Now, as a partner of the Meydan Imax, he plans to introduce the Imax culture to the UAE, by screening educational films on space, technology and wildlife for students, as well as Hollywood and Bollywood blockbusters and live telecasts of special events like the Metropolitan Opera from New York. “We want the people of Dubai to have a rich and diverse movie experience,” he says. Goulam shares with Friday his love for films, and his dreams for entertainment in the region.
I was introduced to the world of Imax in the early Nineties by my friend Pietro Serapiglia, who was already an established film director. A banker by profession, I worked in a few banks in Canada, before deciding to move into the construction of shopping malls in the US and Canada in the Eighties. I found that people visited malls not just for shopping, but also to have an entertaining experience.
In 1993, I was working on the construction of an Imax theatre in the White River State Park in Indianapolis, US, when some of my friends came up with the idea of making an Imax film on car racing based on legendary car drivers Michael and Mario Andretti. Eager to take up a challenge, I joined them as executive producer.
My background in banking and finance and my MBA came in handy because, as an executive producer, I was responsible for balancing the books, budgeting and managing the logistics. We worked out the finances and found that it would cost us $5.4 million (Dh19.8 million) to make a 40-minute film. It took me almost three years to raise the funds.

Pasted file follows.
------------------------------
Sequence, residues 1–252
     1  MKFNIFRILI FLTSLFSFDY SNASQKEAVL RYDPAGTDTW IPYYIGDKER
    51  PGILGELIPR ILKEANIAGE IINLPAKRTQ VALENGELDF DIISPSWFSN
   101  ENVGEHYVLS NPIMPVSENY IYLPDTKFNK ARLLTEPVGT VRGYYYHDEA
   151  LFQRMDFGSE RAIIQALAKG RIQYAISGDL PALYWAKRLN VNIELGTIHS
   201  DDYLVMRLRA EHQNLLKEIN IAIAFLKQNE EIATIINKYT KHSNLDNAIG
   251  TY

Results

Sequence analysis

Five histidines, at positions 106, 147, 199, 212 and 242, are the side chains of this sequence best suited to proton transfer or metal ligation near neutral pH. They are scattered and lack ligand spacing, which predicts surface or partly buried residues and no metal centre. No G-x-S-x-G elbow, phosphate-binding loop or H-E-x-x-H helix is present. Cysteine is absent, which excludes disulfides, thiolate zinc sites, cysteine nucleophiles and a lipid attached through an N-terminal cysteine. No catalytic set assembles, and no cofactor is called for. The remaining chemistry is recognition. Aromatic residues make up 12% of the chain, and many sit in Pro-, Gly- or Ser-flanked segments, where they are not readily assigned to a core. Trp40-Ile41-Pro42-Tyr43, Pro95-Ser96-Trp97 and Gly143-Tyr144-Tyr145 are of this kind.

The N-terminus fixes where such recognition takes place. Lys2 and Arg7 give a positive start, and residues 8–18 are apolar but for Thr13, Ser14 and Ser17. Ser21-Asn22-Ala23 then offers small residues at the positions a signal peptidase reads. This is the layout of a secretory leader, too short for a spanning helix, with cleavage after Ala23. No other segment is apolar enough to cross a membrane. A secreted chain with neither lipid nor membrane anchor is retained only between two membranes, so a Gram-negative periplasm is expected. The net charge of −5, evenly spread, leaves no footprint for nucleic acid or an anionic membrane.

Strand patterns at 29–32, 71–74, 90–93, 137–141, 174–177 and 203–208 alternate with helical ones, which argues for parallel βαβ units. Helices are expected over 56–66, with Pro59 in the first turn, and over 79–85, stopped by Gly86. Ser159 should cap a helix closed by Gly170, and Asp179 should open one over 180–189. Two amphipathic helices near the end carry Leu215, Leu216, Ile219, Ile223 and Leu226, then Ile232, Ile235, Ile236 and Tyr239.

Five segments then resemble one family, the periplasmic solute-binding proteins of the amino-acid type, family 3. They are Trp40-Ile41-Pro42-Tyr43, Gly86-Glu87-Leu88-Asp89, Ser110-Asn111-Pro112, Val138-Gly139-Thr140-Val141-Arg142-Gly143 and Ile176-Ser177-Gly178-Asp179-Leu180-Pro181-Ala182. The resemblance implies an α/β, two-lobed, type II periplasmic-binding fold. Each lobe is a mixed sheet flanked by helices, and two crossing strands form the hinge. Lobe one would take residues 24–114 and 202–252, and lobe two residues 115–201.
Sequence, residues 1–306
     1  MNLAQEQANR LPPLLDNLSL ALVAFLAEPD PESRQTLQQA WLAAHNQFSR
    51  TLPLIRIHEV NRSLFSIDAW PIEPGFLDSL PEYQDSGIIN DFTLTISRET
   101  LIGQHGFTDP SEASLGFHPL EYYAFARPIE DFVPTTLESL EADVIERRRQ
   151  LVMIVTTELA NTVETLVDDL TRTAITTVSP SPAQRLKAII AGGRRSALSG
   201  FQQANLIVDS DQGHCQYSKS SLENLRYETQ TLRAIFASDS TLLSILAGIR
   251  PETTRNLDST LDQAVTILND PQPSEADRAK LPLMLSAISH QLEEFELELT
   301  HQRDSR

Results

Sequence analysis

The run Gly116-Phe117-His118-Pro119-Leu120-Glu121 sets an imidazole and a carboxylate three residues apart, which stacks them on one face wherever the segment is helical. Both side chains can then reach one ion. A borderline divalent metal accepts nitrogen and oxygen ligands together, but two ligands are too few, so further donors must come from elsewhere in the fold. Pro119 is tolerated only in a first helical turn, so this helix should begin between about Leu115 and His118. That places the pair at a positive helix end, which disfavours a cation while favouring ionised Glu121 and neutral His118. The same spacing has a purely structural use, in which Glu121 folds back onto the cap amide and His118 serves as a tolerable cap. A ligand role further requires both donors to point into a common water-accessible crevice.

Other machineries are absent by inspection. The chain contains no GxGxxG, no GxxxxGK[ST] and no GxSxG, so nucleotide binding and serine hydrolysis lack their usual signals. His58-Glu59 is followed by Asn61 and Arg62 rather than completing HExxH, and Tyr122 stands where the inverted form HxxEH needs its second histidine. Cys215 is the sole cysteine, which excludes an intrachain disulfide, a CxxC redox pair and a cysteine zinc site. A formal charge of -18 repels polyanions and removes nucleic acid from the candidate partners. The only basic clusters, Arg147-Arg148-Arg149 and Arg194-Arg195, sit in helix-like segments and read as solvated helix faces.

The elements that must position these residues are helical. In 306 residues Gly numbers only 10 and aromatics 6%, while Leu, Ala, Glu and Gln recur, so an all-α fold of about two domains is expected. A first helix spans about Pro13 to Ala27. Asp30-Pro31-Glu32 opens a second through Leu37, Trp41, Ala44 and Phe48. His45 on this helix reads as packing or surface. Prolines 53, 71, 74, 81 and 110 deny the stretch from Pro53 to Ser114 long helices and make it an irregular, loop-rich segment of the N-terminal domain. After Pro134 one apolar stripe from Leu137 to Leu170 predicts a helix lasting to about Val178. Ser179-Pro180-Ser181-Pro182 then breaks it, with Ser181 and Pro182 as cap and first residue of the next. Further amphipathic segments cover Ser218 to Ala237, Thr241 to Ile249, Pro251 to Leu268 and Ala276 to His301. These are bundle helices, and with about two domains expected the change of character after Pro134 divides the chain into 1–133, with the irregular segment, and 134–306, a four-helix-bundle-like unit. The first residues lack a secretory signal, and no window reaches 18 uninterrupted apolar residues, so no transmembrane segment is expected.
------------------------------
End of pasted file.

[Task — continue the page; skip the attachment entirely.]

In the process, I also set up my production company, Primesco, and produced my first Imax film, Super Speedway, which was released in 1997. The film was narrated by Hollywood star, Paul Newman, directed by renowned Imax director Stephen Low and my friend Pietro was the producer. Producing the film was exciting, as I was involved in almost all areas of it.
We had a camera the size of a small fridge on top of a car, and we drove at speeds of 200 miles per hour to keep up with the car racers. By the time we finished Super Speedway, I’d had enough of being in race cars. But I was addicted to Imax films, and went on to produce four more films in quick succession. I especially enjoyed working on location for my films.